• San Francisco Chronicle: "Nearly a quarter of a century ago, California voters passed the deceptively named California Civil Rights Initiative. But Proposition 209 was not about advancing civil rights. It was about prohibiting the consideration of race and gender in public education, employment and contracting. ... It was just about shutting the door on efforts to overcome those institutional barriers to the full participation of women and minorities. It was wrong in 1996, when it was passed by 55% of California voters, and it is wrong now. It should be repealed."[28]


The following media editorial boards published an editorial opposing the ballot measure:

  • The Wall Street Journal: "Now it’s up to the voters. Last November voters in Washington state narrowly defeated a similar amendment, though opponents were vastly outspent by those favoring racial preferences. California is a more liberal state and its political class and nearly all media will support repeal. But judging individuals by the color of their skin is antithetical to equal justice under the law. Let’s hope Californians hold on to this American principle of equality that goes back to the Declaration of Independence, the 14th Amendment, and the civil-rights movement."[29]


The following media editorial boards took positions on whether ACA 5 should be placed on the ballot in 2020:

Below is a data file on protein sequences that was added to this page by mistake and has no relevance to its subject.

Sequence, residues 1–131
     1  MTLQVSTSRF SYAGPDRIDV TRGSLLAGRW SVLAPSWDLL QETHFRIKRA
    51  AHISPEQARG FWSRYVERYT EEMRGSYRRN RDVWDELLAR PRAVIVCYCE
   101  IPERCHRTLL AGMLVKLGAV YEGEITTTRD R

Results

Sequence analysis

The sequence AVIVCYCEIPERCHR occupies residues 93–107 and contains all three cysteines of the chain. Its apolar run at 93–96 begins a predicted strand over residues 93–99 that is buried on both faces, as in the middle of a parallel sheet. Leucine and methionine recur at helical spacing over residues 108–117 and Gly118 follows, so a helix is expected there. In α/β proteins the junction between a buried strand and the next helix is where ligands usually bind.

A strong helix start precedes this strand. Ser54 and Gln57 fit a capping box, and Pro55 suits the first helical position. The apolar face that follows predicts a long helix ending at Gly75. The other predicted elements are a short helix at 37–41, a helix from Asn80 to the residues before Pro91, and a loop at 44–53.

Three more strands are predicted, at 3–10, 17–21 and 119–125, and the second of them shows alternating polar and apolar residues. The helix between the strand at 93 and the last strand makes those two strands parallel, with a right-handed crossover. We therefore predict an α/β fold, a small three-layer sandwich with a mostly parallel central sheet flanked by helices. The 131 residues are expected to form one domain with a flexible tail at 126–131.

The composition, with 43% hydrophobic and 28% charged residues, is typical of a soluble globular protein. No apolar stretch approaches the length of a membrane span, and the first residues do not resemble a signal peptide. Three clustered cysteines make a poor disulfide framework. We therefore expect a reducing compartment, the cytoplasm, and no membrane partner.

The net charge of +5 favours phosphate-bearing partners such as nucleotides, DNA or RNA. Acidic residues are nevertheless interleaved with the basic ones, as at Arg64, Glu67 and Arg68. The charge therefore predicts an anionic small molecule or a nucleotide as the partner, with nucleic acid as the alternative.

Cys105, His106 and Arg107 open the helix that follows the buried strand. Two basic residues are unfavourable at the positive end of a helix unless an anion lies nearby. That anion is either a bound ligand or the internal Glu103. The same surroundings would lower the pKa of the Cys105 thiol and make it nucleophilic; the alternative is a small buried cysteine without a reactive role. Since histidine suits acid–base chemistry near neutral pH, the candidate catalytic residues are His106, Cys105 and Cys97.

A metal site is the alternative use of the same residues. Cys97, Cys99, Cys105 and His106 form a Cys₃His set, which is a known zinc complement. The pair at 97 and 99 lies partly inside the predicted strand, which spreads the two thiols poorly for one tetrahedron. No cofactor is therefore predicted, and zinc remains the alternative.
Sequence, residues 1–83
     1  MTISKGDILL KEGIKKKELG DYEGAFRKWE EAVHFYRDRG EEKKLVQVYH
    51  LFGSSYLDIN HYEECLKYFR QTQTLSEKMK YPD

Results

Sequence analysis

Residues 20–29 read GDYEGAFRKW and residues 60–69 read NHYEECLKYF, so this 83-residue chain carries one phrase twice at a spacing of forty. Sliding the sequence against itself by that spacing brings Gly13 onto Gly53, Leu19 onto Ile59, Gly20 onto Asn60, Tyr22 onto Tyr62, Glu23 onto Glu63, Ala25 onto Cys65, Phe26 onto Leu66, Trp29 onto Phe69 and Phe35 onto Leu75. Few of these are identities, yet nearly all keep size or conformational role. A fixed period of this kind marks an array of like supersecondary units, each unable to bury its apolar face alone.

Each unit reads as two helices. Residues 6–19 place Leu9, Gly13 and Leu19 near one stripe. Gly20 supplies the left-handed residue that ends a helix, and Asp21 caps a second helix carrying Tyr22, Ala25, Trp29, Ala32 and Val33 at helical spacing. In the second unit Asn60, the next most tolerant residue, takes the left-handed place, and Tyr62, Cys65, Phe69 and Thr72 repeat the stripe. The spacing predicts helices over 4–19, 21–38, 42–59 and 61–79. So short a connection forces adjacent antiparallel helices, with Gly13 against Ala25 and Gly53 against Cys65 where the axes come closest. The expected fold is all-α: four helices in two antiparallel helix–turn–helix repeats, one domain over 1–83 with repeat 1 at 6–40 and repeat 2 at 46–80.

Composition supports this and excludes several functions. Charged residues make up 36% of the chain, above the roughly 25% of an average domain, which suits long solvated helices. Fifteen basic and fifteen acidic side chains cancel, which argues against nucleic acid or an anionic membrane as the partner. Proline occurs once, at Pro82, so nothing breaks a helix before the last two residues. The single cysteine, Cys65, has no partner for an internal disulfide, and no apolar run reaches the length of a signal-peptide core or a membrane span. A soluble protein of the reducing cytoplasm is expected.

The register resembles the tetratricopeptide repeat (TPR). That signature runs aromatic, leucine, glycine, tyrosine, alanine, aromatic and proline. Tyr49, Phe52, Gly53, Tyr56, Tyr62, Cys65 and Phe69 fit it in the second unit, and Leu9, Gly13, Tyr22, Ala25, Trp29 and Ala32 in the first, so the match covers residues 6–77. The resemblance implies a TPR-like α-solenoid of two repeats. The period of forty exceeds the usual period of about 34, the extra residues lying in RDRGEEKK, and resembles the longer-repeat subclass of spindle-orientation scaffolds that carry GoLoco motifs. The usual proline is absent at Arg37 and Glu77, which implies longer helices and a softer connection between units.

• Los Angeles Times: "We wish race didn’t matter in hiring and college admissions. We wish that everyone had an equal opportunity to access quality education and achieve economic prosperity. But they didn’t in 1996 and still don’t in 2020. Race and gender are still automatic disadvantages that are difficult to overcome. Helping to shrink the opportunity gap with a tiny leg up doesn’t give them an unfair advantage over those born already ahead, just a slightly better chance than they have now. That’s not discrimination. That’s justice. And it’s time Californians had another debate about how to achieve it."[30]
  • The Sacramento Bee: "In 1996, Prop. 209 passed with nearly 55 percent support from California voters. That year, Republicans seized on affirmative action as a wedge issue to inflame racial division and drive voter turnout in an effort to unseat incumbent President Bill Clinton. Masquerading behind civil rights language, it abolished a key tool for addressing systemic discrimination people of color and women. Then-Gov. Pete Wilson endorsed it, as did Republican presidential nominee Bob Dole. The California State Legislature should strongly support ACA 5 and let the people decide in November."[31]

Path to the ballot

See also: Amending the California Constitution

In California, a two-thirds vote is needed in each chamber of the California State Legislature to refer a constitutional amendment to the ballot for voter consideration.

The constitutional amendment was introduced into the California State Legislature as Assembly Constitutional Amendment 5 (ACA 5) on January 18, 2019. On June 10, 2020, the California State Assembly voted 60 to 14 to pass ACA 5. As one seat was vacant in the Assembly, 53 votes were needed to pass ACA 5. On June 24, 2020, the California State Senate voted 30 to 10 to pass ACA 5. At least 27 votes were needed in the Senate. With approval in the Assembly and Senate, ACA 5 was placed on the ballot for the general election on November 3, 2020.[1]

Vote in the California State Assembly
June 10, 2020
Requirement: Two-thirds (66.67 percent) vote of all members in each chamber